I first came across Philip Casey as a poet and always admired his work. This is his first novel, published by Lilliput Press in Dublin in 1994. I approached it with some trepidation since it was a first novel, but I found it amazingly accomplished. It’s a book I’ve read now three or four times, and it has that really magnificent quality that great novels have, where you find yourself thinking about them a few weeks after you finish reading them.
You are walking down the street and the characters in the novel are so vivid that you almost find yourself saying, if you see something in the street, “I wonder what would that guy in the novel think about that?” It’s a love story set in contemporary Dublin and that’s a difficult thing to do because Dublin novelists sometimes tend to characterize Dublin as a gas place full of incredibly funny taxi drivers and bawdy nights in pubs and all the rest. But the Dublin that Philip Casey conjures up reminds me of Dermot Bolger’s Dublin in a way, it’s just so real and absolutely recognizable right from the first page.
It’s a very tender love story. What holds the affair together is the fact that these two people meet once a week and they tell each other stories. So as well as the story in the novel working very well on its own merits, it also builds into a metaphor for the power of stories generally. I found that aspect of the novel very moving. It’s a magnificent book and it’s just come out in England and I’m sure it will do very well there for Philip Casey.
-Joseph O’Connor in an interview with Seamus Hosey for the RTÉ Radio programme Speaking Volumes. The transcript is published by Blackwater Press.

I adored it when I read it. It’s an absolutely gorgeous portrait of Dublin. It reminded me of the film Les Amants des Pont Neuf.
–Katy Hayes, The Arts Show, RTÉ Radio 1

a novel of linguistic power and emotional strength.
– Hayden Murphy, The Scotsman.

Casey’s main achievement in The Fabulists lies in his skilful handling of the elements of fact and fantasy, realism and surrealism that make up the novel. Fabulous, seductive fictions are anchored in mundane realities and the compulsion to invent counterbalanced by the obligation to confront the truth.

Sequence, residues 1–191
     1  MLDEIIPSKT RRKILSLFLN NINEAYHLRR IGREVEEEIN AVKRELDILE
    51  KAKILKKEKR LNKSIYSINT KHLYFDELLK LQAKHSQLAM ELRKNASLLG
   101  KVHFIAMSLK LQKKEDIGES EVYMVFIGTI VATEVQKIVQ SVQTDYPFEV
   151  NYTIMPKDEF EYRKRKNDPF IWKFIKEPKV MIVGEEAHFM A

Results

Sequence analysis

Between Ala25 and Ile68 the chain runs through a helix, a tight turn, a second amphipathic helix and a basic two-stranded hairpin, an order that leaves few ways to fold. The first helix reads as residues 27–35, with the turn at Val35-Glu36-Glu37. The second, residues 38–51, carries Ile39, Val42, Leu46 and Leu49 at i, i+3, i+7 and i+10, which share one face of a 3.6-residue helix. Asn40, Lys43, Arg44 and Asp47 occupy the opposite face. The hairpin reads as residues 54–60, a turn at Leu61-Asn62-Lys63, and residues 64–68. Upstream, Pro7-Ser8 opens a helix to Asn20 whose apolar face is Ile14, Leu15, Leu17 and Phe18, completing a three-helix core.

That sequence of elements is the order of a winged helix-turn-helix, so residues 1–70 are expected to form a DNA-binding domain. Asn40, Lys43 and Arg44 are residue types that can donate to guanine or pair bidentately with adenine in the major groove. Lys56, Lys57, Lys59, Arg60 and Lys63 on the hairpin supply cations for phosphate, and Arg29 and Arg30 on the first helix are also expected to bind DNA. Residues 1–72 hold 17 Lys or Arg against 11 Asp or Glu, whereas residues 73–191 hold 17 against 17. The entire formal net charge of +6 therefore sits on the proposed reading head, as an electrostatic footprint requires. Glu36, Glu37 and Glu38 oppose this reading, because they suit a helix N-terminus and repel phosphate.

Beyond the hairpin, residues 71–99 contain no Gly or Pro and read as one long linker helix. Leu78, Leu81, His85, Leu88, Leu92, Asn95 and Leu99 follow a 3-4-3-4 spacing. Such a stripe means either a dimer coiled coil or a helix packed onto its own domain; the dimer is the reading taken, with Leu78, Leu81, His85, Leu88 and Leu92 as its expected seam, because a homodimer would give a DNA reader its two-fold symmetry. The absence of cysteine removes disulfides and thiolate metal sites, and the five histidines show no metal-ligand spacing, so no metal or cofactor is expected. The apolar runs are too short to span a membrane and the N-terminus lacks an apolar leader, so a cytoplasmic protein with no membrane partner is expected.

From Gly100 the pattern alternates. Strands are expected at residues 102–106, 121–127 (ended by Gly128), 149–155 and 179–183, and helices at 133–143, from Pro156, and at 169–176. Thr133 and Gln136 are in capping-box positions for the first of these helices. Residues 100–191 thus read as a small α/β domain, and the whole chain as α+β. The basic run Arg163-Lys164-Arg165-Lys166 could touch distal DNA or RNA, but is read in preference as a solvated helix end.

His geographically centred, metaphorically open narrative allows us to read Tess and Mungo’s journey from immurement to freedom as a parable of a maturing Ireland.
The subtlety and ease with which Casey achieves such symmetry between private and public worlds makes The Fabulists an assured and impressive debut.
–Liam Harte, Irish Studies Review, 9, Winter 1994/5, p. 49.

Irish poet and playwright Casey makes his fiction debut with this resolutely candid tale of extramarital love and obligation on the dole in contemporary Dublin. Separated from her pornography-addicted husband and emotionally capricious son, Tess sinks into squalor and despair, spending days and nights deliberating wistfully on the might-have-beens in her life. After a chance encounter with Mungo, also in a marriage bereft of affection since his son’s near death in a house fire, Tess is intrigued by the man or, more precisely, by his spurious autobiography. When he contrives to meet her again, the two begin an affair based on the mutual spinning of tales devised to present the teller in a more alluring light. As the romance develops, the stories become increasingly intimate, hinting more directly at the unspoken circumstances of their lives. When family obligations pressure Mungo into moving far from Dublin, the lovers reluctantly become resigned to ending their relationship, but not before concluding the tales they began. Easily overcoming the potential pitfalls of the novel’s bleak setting, Casey has created an involving, mature drama of a man and a woman struggling to endure profound personal disappointments.